Poll

Which is your dominant hand?

Left hand
21 (14.7%)
Right hand
64 (44.8%)
Ambidextrous
8 (5.6%)
Dominant right, but performing some tasks regularly left-handed
36 (25.2%)
Dominant left, but performing some tasks regularly right-handed
14 (9.8%)

Total Members Voted: 143

Author Topic: Left hand, right hand?  (Read 3952 times)

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mmswm

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Re: Left hand, right hand?
« Reply #30 on: November 10, 2012, 05:27:50 PM »
I describe myself as VERY right handed. The only things I do with my left hand/arm are hold babies (as does almost everyone for some mysterious reason) and things that require two hands/arms. Even when painting or something if I consciously shift arms to 'rest' my right arm I will find a minute later that I've unconsciously switched back.

When I fractured my right elbow and had to use my left arm (could still write but not move my arm) for things I actually bruised my own face with my toothbrush, I was that incompetent.  ::)

My guess would be that if you hold a baby with your non-dominant arm, that leaves your dominant arm available for doing other tasks.  I should add that to the list of things I do "lefty".  I hold babies in my right arm and if I have to, I can cook, load the dishwasher, grocery shop, etc. with my left hand.
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Iris

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Re: Left hand, right hand?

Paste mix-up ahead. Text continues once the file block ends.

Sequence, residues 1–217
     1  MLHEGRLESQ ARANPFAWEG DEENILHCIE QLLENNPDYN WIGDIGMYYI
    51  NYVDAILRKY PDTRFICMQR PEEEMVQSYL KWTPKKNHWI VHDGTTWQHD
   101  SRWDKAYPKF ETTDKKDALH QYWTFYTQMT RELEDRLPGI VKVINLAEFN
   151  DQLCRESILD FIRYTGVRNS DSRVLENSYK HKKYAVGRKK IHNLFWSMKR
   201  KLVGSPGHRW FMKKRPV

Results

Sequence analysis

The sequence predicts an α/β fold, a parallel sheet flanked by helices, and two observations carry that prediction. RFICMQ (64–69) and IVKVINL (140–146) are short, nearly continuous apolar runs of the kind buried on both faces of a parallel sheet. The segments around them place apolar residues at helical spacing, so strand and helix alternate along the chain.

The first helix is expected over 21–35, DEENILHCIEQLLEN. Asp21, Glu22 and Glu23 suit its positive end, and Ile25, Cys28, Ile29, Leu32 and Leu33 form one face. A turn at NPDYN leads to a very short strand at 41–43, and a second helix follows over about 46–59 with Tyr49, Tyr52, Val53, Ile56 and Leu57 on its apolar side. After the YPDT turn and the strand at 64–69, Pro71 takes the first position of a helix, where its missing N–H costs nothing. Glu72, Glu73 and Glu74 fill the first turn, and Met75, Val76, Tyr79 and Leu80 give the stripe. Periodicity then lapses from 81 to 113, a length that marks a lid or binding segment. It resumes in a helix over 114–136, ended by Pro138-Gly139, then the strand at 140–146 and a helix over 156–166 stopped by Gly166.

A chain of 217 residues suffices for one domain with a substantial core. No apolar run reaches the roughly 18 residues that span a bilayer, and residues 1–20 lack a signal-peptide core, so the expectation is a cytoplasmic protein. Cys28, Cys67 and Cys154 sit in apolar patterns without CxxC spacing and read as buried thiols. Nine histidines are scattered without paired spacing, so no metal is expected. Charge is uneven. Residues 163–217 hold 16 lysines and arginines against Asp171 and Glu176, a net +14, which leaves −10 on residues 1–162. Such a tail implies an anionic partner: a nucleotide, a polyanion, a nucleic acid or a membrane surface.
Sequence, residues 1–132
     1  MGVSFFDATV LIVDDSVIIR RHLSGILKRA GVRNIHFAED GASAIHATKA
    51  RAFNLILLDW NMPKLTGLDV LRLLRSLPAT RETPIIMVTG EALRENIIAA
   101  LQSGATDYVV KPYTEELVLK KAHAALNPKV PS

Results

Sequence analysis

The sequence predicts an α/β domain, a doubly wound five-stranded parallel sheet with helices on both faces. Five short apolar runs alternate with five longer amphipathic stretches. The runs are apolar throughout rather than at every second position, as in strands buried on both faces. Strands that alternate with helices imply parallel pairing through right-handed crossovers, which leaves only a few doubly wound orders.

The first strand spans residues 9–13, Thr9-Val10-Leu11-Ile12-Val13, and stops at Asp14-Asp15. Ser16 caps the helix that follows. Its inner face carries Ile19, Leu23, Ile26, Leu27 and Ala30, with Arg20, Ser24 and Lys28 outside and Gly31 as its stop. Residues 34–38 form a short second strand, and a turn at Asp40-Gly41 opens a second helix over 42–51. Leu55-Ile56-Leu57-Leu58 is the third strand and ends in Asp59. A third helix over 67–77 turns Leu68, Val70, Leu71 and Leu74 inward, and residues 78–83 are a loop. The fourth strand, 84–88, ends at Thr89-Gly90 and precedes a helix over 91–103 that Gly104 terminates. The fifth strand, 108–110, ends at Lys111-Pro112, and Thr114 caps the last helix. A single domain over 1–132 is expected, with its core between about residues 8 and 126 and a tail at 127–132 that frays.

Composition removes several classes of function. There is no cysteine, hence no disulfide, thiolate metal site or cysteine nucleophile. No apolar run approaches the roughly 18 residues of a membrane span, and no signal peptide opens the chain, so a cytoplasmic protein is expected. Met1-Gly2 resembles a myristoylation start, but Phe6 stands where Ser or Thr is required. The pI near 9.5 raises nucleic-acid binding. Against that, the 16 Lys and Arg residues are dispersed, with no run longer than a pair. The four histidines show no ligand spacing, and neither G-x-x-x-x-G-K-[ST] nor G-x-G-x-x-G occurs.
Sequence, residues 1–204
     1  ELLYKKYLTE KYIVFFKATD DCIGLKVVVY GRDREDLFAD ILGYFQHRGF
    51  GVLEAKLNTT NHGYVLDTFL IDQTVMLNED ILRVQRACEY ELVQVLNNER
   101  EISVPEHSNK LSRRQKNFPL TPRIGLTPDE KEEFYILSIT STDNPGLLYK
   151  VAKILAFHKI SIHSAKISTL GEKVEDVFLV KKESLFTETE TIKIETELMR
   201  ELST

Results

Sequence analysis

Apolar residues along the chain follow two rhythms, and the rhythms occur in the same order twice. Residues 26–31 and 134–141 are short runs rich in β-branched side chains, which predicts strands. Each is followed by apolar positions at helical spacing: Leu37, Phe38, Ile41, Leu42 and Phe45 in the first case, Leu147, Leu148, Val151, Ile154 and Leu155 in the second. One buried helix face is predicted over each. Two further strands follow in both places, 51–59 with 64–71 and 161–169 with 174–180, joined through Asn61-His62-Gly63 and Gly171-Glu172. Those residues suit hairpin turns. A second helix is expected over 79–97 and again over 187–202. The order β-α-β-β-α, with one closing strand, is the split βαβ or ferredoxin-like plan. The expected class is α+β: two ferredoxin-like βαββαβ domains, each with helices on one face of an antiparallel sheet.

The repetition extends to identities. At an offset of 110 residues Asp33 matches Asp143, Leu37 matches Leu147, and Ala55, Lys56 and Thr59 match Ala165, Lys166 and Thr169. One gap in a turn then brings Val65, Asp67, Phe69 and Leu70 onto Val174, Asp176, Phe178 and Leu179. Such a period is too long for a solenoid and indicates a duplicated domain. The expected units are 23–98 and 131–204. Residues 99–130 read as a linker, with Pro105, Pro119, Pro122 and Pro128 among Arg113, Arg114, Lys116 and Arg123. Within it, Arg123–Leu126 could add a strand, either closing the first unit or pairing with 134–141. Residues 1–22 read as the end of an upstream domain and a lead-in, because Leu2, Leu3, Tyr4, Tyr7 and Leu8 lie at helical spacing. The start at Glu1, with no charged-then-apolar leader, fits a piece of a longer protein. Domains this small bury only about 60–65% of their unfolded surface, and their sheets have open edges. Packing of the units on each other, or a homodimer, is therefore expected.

« Reply #31 on: November 10, 2012, 06:12:49 PM »
I describe myself as VERY right handed. The only things I do with my left hand/arm are hold babies (as does almost everyone for some mysterious reason) and things that require two hands/arms. Even when painting or something if I consciously shift arms to 'rest' my right arm I will find a minute later that I've unconsciously switched back.

When I fractured my right elbow and had to use my left arm (could still write but not move my arm) for things I actually bruised my own face with my toothbrush, I was that incompetent.  ::)

My guess would be that if you hold a baby with your non-dominant arm, that leaves your dominant arm available for doing other tasks.  I should add that to the list of things I do "lefty".  I hold babies in my right arm and if I have to, I can cook, load the dishwasher, grocery shop, etc. with my left hand.

I couldn't find the original studies, but apparently it transcends left-and-right handedness and a significant majority of all women hold babies on their left (between 70-85% was often quoted). I couldn't find any studies done on men. There's a bunch of theories hanging around but none that are backed by any real evidence. Of course, since I couldn't find the original studies it could be one of those "women say ... words, but men only say ..." urban legends.